Monday, April 2, 2012

Intentions versus Capabilities - Part II

I’d like to open this post with an apology, because I’m deviating a little bit from my usual subject matter.  This is a blog about technology, and about how patterns of technology change and interact with daily life.  I don’t normally comment on general news stories that don’t have a direct connection with technology.  I’m making an exception this time because it touches on some themes I’ve covered before, which I’d like to reiterate from a different angle.

The story in question is the tragic death of Trayvon Martin, and the failure of Florida police to prosecute his assailant due to Florida’s “Stand Your Ground” laws.  This is still a story in progress, and anything could happen, but the evidence is increasingly casting doubt on George Zimmerman’s story.  Independent analysis demonstrates it is exceedingly unlikely that the cries for help were Zimmerman’s.  It is further difficult to demonstrate that George Zimmerman had sustained the types of injuries that his story had claimed.  Add to this the undisputed fact that George Zimmerman left his car to confront Martin despite the instructions from 911 not to do so, and it’s difficult to paint this as anything other than a one-sided assault.  This is a crime.

Or is it?

Under normal circumstances, Zimmerman’s departure from his car to confront Martin would paint him fairly clearly as the aggressor.  Under the stand your ground laws, he had no duty to retreat from what he believed to be a dangerous situation, and, having deliberately entered into this situation seeking a confrontation, was justified in the use of deadly force to protect himself from what he reasonably believed was a threat.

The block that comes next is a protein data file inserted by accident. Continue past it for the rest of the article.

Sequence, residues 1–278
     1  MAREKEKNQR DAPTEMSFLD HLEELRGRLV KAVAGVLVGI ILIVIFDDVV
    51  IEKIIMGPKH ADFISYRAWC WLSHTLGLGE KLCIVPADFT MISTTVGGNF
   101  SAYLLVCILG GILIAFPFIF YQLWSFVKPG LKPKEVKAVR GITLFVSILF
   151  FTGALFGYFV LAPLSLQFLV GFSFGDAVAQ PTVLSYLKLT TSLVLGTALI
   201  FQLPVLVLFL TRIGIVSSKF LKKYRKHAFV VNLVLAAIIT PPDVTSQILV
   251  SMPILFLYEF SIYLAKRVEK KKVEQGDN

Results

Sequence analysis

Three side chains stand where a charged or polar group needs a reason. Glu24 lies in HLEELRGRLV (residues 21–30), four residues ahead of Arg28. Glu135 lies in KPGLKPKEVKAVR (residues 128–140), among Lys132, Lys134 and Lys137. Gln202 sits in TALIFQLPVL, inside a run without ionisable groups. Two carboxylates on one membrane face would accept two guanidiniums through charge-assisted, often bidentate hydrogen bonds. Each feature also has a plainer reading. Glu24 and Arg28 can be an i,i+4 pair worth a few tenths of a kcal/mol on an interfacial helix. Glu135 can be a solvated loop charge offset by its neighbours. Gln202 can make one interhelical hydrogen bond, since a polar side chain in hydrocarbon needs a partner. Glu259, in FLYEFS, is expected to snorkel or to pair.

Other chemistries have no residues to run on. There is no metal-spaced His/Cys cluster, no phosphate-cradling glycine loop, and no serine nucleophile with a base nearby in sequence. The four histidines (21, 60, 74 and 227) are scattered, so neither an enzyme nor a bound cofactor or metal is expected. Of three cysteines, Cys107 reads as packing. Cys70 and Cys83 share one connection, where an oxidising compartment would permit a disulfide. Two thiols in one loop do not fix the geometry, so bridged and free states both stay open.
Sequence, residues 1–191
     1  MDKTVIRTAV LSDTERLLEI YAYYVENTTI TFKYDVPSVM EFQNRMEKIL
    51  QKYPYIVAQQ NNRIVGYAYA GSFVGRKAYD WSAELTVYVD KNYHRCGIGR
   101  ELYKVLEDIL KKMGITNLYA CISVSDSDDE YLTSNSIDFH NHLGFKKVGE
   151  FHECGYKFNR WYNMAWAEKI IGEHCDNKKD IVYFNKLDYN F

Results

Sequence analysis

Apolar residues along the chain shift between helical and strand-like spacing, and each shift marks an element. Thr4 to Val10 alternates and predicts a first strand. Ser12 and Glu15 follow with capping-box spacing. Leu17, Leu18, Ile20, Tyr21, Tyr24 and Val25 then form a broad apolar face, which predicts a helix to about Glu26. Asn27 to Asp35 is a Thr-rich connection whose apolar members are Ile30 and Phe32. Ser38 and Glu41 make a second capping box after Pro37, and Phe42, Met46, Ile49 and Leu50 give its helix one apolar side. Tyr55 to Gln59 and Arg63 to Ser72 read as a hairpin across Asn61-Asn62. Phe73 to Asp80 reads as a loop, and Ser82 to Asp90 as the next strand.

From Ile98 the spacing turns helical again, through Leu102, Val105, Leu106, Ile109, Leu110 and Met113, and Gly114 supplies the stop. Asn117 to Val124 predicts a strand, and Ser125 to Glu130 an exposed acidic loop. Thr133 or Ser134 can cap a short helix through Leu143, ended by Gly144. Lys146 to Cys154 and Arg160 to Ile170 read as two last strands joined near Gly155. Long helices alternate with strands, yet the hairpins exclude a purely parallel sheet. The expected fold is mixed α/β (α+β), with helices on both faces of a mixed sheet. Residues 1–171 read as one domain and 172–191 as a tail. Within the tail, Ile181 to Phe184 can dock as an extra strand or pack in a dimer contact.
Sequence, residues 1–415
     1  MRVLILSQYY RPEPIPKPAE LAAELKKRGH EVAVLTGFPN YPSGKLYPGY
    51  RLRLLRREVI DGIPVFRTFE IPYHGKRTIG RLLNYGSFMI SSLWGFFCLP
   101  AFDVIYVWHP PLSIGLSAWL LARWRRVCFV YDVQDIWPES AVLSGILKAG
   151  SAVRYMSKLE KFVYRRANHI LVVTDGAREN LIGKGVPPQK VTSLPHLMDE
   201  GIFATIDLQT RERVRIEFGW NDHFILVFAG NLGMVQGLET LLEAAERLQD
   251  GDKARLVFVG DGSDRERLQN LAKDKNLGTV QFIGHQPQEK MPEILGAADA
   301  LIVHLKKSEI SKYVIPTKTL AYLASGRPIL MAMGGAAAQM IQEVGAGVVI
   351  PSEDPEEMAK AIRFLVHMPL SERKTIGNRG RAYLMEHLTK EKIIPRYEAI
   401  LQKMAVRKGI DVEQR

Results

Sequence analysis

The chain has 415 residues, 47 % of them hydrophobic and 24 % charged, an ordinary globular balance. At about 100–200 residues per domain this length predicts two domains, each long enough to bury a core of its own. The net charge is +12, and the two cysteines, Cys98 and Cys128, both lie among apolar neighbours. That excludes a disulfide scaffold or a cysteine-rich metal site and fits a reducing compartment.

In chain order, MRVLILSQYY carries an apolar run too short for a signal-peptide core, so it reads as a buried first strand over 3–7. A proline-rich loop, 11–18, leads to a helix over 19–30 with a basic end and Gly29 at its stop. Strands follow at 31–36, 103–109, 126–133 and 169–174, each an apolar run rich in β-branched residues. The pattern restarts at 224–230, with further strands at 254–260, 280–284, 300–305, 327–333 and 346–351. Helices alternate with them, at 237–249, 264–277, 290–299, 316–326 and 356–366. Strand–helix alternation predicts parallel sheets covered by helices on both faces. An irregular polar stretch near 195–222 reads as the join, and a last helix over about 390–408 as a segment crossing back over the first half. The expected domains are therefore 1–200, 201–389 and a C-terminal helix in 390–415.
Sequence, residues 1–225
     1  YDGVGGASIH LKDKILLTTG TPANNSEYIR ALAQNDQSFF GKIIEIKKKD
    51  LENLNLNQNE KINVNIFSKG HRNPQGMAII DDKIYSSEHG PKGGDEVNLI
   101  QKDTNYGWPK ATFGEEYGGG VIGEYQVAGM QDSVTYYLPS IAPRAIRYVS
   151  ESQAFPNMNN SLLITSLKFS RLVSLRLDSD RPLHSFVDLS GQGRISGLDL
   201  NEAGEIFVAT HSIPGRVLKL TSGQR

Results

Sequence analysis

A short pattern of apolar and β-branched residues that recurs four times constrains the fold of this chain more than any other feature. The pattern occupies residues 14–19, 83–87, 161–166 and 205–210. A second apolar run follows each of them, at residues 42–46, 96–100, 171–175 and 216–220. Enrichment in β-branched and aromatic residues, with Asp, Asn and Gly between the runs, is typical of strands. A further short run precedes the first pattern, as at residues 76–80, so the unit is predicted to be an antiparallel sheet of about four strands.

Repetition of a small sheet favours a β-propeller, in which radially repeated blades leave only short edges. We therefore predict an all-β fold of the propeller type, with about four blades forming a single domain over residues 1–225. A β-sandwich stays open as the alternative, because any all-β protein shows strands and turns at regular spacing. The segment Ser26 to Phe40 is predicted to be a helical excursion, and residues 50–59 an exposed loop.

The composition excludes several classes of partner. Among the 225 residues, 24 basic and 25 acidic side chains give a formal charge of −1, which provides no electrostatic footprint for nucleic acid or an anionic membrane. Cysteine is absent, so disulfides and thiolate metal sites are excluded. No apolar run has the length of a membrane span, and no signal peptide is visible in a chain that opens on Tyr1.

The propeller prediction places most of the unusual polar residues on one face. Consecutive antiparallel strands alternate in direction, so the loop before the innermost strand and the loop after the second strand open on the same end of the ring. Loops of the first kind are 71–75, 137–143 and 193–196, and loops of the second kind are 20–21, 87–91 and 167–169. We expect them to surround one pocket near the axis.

Critics might question whether his fear of Martin, who was unarmed and a hundred pounds lighter than Zimmerman, was “reasonable”.  Unfortunately, there is no precise definition of what constitutes “reasonable”.  Certainly his fears would be shared by many other residents in his neighborhood.  Does that make them reasonable?

Regardless of how the law will be interpreted, the fact that the Florida police used it as an excuse to not initiate a criminal investigation of Zimmerman indicates that something is seriously askew.  At the root of the issue is an asymmetry of information created by the situation.  In any dispute between two individuals, each is likely to have a different narrative explaining the context, motivations, and possibly even the facts leading to the event.  In a murder, one of those narratives disappears.  The only narrative remaining belongs to somebody who will likely have every reason and every inclination to skew the facts in his own favor.  This is why imposing a duty to retreat is such a useful concept.  While it does not eliminate this type of situation – anybody can still claim they had no opportunity to retreat – it does reduce the number of situations in which an assailant can claim a legal justification for their own aggression.

I don’t believe the Florida legislature had malicious intent when they enacted this law.  I don’t expect they ever thought about the possibility of an individual committing an act of murder and using their law to claim it was self-defense.  And that’s the crux of the problem.  They didn’t think.

As I noted when I discussed SOPA, there is a world of difference between the intentions of a law, and its real life effects.  It behooves legislatures to think long and hard about the possible secondary effects of the laws they pass.  In this case, it seems they didn’t think hard enough.  The results have been lethal.

Well done, Florida.  Well done.

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